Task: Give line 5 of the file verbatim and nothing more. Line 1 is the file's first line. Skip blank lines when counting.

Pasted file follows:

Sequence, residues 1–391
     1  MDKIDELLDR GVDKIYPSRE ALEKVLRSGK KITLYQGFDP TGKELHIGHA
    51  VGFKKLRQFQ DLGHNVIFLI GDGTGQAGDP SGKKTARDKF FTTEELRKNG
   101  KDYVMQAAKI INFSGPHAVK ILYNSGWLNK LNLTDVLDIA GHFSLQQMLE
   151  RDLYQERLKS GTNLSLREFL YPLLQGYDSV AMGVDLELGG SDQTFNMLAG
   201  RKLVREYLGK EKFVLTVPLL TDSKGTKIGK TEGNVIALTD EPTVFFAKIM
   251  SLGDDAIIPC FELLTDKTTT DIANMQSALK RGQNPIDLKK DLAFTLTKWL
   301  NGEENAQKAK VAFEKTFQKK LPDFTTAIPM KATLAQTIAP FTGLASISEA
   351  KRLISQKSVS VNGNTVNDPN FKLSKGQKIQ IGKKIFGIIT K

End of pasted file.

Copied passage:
   151  RDLYQERLKS GTNLSLREFL YPLLQGYDSV AMGVDLELGG SDQTFNMLAG